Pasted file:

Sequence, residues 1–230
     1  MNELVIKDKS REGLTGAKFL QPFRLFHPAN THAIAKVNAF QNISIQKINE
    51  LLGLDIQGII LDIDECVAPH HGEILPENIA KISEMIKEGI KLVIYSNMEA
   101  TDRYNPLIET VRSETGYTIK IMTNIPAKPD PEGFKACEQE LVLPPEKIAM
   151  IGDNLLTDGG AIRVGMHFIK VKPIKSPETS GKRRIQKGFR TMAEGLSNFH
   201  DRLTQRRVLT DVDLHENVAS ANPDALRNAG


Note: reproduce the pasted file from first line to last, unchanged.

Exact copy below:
Sequence, residues 1–230
     1  MNELVIKDKS REGLTGAKFL QPFRLFHPAN THAIAKVNAF QNISIQKINE
    51  LLGLDIQGII LDIDECVAPH HGEILPENIA KISEMIKEGI KLVIYSNMEA
   101  TDRYNPLIET VRSETGYTIK IMTNIPAKPD PEGFKACEQE LVLPPEKIAM
   151  IGDNLLTDGG AIRVGMHFIK VKPIKSPETS GKRRIQKGFR TMAEGLSNFH
   201  DRLTQRRVLT DVDLHENVAS ANPDALRNAG